Michigan Citizen, Feb. 20-26, 2011
The foundation-driven assault on democratic processes is unfolding under the guise of community engagement in the Detroit Works Project. In January a series of small meetings began to create a false stamp of community approval for the Mayor’s scheme. These meetings are highly-controlled processes, filled with manipulated data.
Karla Henderson, the Mayor’s project leader, said, “We are engaging our community in a discussion about the challenges we must face together.” She said that this round of meetings would be “smaller neighborhood-based discussions where we’ll provide data but also listen to the many things people are doing to improve their neighborhoods every day.”
So far this is not happening. Instead citizens are forced to endure a presentation designed to push the rationale for the foundation-driven plan to shrink the city. Then the citizen engagement comes in the form of little electronic clickers intended to gather information from individuals on a series of nearly meaningless multiple choice questions loaded with assumptions that require discussion. But instead of engaging in conversation about the assumptions and the ideas behind the questions, people are told to click their “answers” in isolation from one another. This is not a process of community engagement. It is an insult to democratic discussion.
Moreover, the questions are designed to get the kind of answers that will endorse the Mayor’s plan. They are not serious efforts to help us talk about the complex issues we face. For example, question 1 asks, “What is the most damaging impact of population loss in your neighborhood? A. Increase in blight, B. Paying more for less effective services, C. Diminished sense of community, D. No Impact.”
It should surprise no one that most people respond to concerns for blight and diminished services. No doubt these sort of responses will become factoids in new power points designed to show that the Mayor is responding to the desire of citizen to get ride of blight; hence his responsibility to them is to knock down neighborhoods. .
Instead of responding to these sorts of questions with a clicker, we should be talking with one another about what we are doing and would like to do in our neighborhoods.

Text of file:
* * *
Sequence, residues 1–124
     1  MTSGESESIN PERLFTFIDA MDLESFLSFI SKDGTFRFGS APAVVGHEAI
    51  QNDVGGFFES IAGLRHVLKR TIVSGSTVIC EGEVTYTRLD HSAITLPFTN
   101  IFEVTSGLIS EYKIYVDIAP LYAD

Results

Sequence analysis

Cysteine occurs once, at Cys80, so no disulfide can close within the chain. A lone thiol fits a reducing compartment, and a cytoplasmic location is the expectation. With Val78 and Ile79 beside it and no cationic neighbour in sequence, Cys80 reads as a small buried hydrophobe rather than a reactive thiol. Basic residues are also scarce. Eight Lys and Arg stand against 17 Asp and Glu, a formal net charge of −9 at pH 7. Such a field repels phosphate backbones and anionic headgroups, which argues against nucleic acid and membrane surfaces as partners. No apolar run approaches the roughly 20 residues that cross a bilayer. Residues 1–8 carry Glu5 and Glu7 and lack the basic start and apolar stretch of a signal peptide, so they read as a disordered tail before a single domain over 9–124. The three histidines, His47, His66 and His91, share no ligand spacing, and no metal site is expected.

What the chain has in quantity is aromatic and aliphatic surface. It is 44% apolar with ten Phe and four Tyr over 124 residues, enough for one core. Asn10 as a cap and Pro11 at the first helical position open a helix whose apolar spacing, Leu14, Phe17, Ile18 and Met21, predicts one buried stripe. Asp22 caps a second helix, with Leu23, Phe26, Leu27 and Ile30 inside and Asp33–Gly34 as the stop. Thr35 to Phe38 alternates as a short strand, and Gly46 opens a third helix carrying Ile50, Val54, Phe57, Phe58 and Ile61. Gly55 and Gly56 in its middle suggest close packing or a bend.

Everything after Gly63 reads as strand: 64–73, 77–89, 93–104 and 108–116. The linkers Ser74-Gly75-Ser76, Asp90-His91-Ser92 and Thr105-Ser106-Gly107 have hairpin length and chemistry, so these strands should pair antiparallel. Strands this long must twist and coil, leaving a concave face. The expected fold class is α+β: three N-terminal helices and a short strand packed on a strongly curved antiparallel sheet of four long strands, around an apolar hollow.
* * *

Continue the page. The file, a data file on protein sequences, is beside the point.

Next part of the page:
Along with these sham and shameless efforts at gathering citizen input, there is the troubling slide show presentation that sets up a framework for how citizens will respond to the survey. At the very least citizens deserve some explanation for how the figures put forward as fact were derived.
For example, one of the most dramatic slides zeros in on an area around Mack and Gratiot. The slide compares tax revenues collected from the area in 1950 and today. The slide claims that in 1950 185 homes produced $151,673 in tax revenue. Today, the remaining 40 homes produce $32,794 in tax revenue..
How did the Mayor’s team come up with this statistic? A little simple math shows that for some reason they calculated a tax of about $820 in tax revenue per household in 1950 and simply multipiled that times the number of houses. Then, 61 years later they used the same tax and multiplied it by the smaller number of houses.
There are so many things wrong with this kind of calculation that it is hard to know where to begin. But it illustrates the kind of “facts” designed to support the Mayor’s perspective.
Likewise, the presentation claims that it costs the city $9 million dollars per square mile to provide city services. How on earth did they calculate that number?
Citizens should make clear that these meetings are not democratic. They are not based on serious discussion or data. They are designed to cover over decisions that are being made behind closed doors. We should demand much more than this kind of sham discussion.